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### The integral of step functions

Consider a step function and a dissection of [a,b] such that the function has the constant value ck on each subinterval of the dissection. Then:

The integral of s from a to b is the number .

This means that the integral is simply the sum of the products of the constants ck times the length of the corresponding subintervals. In particular if f is constant and positive the integral is the area of a rectangle.

The two symbols   and are used without distinction: we prefer the first, or sometimes , because it is more compact, but the second one has some advantages, in particular when we deal with multi-variable functions or in the use of the substitution rule. It is important, at any rate, to remember that the integral depends only on the function s and the interval [a,b]: the symbol "dx" has no particular meaning and is not a differential.

#### Examples

• Consider the function . Then the integral from -1 to 2 is the area of the rectangle ABCD in the picture here below.

• Consider the function . Then the integral from -1 to 3 is the sum of the areas of the two yellow rectangles minus the area of the green rectangle.

The two examples above prove that the integral of a step function is the algebraic sum of the areas of some rectangles: rectangles above the x-axis are taken with a positive area, those below the x-axis are taken with negative area.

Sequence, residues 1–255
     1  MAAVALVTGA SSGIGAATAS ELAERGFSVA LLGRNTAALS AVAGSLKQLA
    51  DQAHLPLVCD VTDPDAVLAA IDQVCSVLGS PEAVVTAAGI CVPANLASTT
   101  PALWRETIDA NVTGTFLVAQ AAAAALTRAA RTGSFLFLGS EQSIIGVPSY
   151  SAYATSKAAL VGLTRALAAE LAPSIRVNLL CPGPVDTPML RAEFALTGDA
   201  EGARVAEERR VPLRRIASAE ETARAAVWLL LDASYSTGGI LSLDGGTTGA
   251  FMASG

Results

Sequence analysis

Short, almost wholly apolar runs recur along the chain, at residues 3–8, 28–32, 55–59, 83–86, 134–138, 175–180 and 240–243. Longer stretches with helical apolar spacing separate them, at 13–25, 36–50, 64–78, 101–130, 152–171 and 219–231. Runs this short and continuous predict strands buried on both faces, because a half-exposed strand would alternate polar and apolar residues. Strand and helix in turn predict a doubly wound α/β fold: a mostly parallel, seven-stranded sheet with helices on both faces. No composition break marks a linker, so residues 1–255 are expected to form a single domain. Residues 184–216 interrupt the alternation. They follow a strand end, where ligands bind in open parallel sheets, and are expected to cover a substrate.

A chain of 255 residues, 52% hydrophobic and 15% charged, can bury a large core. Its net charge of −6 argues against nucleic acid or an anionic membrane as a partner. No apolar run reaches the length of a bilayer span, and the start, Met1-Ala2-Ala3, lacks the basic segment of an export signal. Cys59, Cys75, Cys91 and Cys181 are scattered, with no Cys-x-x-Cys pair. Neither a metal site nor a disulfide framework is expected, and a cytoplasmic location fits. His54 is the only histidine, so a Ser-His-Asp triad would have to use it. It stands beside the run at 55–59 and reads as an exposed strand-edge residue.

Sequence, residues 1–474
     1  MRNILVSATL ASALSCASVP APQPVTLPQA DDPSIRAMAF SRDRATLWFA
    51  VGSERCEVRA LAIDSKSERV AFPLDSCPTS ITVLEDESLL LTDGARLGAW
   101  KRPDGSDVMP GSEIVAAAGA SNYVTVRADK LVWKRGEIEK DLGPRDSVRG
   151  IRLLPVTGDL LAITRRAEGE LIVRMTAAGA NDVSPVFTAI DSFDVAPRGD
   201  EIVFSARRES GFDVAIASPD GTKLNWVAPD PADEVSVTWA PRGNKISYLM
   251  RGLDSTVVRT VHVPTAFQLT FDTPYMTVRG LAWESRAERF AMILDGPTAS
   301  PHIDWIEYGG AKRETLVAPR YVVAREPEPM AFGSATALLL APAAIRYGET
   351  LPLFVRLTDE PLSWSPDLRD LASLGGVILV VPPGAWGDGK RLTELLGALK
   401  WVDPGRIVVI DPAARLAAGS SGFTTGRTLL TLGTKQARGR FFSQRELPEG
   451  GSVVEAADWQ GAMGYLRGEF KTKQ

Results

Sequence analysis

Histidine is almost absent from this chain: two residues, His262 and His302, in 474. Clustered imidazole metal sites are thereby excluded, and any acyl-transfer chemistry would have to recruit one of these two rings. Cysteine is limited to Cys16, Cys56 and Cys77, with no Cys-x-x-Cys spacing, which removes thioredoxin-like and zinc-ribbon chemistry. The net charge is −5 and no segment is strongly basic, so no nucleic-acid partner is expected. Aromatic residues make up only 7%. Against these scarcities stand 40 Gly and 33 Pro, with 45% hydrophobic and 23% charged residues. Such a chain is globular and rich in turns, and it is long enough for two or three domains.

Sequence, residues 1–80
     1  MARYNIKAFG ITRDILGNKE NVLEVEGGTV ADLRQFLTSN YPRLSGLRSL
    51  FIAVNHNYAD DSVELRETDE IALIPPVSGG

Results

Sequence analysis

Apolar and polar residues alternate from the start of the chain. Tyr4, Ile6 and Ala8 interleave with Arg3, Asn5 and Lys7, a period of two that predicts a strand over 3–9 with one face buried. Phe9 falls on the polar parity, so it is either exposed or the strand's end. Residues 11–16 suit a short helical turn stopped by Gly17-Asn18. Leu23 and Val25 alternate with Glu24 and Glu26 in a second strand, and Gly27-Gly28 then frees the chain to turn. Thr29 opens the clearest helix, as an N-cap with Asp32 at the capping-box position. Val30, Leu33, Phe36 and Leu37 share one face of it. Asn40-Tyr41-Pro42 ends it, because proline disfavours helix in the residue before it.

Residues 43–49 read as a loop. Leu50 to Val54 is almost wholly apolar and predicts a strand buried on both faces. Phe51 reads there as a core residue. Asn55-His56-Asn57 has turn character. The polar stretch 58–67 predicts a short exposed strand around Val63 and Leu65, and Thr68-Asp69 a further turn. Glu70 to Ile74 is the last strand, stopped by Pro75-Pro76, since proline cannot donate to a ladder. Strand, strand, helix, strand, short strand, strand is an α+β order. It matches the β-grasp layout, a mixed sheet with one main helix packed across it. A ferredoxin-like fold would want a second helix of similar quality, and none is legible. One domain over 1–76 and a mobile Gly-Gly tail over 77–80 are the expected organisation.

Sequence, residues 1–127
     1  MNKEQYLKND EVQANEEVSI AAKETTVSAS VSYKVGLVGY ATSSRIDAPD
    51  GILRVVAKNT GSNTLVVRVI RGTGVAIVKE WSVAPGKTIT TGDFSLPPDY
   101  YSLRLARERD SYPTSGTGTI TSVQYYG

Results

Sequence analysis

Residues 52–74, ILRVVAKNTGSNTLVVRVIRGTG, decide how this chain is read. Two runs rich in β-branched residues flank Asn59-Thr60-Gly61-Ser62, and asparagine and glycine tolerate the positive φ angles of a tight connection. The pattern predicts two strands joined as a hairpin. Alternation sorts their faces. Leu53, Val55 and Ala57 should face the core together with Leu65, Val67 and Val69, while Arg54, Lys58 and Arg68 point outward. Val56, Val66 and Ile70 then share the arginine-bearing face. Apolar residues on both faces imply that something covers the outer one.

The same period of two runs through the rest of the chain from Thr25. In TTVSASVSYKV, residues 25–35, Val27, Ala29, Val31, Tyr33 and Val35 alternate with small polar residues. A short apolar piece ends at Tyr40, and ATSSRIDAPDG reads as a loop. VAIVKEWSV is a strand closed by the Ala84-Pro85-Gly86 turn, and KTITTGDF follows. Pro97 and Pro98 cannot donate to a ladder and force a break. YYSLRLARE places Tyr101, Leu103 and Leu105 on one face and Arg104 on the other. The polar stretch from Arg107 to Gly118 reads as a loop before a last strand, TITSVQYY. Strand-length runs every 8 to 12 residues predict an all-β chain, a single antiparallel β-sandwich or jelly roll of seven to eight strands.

Observe in particular that the values of the step functions at the points of the dissection are unimportant: these numbers are never used in the previous definition. This means that if you modify the values of a step function in a finite number of points (obviously changing also the dissection of the interval [a,b]) the value of the integral is not affected. This agrees with the fact that the area of a segment is zero. From now on we'll no more graph these points.

It's also important to observe that continuity of the functions is not important for the concept of integral: step functions are never continuous (except when constant!).

In the above definition of integral the number a is less than b. This definition is usually extended, in order to allow also a>b, as follows: if a>b then . We also define .

first published on january 07 2003 - last updated on september 01 2003